School is (sorta) back and work is ramping up, so it’s a good time this week to look at our boundary issues. We’ve found three helpful articles that draw the lines between work and life and give culture a lift:
1. Check email less often
A new guide from Forbes Senior Contributor Avery Blank tells you about easing up on reading email, and other boundary-setting habits of highly successful people – which include getting up from your computer, and making sure colleagues know when a great idea came from your very brain, and no one else’s.
Excerpt from the Forbes guide:
“While successful people value their time, they don’t only focus on what they want to work on and say ‘no’ to everything else. Successful people recognize that they are part of a team and have to support their colleagues. They compromise and recognize that everyone’s time is valuable.”
2. It won’t hurt you to say no
Leadership coach Amy Kan’s essay in Fast Company sets forth some ways to handle the often-tough task of separating work and life. It starts with respecting others’ boundaries, communicating clearly, being consistent and just saying no if you have to.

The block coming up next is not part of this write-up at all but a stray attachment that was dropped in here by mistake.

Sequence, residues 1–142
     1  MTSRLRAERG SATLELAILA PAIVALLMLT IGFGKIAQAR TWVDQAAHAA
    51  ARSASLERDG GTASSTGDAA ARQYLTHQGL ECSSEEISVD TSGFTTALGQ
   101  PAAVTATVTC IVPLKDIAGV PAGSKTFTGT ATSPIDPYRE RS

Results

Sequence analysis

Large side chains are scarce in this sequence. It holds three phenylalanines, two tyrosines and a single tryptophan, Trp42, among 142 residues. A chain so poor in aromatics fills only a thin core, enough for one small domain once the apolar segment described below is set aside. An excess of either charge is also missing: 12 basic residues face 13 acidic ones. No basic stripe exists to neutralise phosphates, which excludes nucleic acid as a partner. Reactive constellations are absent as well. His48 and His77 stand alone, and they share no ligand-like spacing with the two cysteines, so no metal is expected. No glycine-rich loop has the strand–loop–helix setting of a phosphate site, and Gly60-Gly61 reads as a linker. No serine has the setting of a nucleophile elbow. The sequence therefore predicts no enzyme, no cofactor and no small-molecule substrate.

Excerpt from the Fast Company essay:
“We may think that setting boundaries will damage our careers or hurt our reputations, but the reality is that when it’s done the right way, we do just the opposite. Setting boundaries enables us to be more productive by saying no to things that waste our time.”
3. Buy some boundaries, and put them in your yard
“The office is dead,” declares CNN Business in their video story about the spike in backyard shed sales, which stems from remote workers’ desire to truly separate work from family. The tricked-out backyard retreats, which can cost from around $10,000-$30,000, offer the isolation of an office with a convenient commute.
Excerpt from the CNN story:
“I think there is something psychological about the separation between work and home you get from a commute,” shed owner and LInkedin VP Scott Roberts said. “But what if it is just walking into the backyard? With a shed I can go from a 30-minute drive, to a 30-step walk. A shorter commute, but still a separate space.”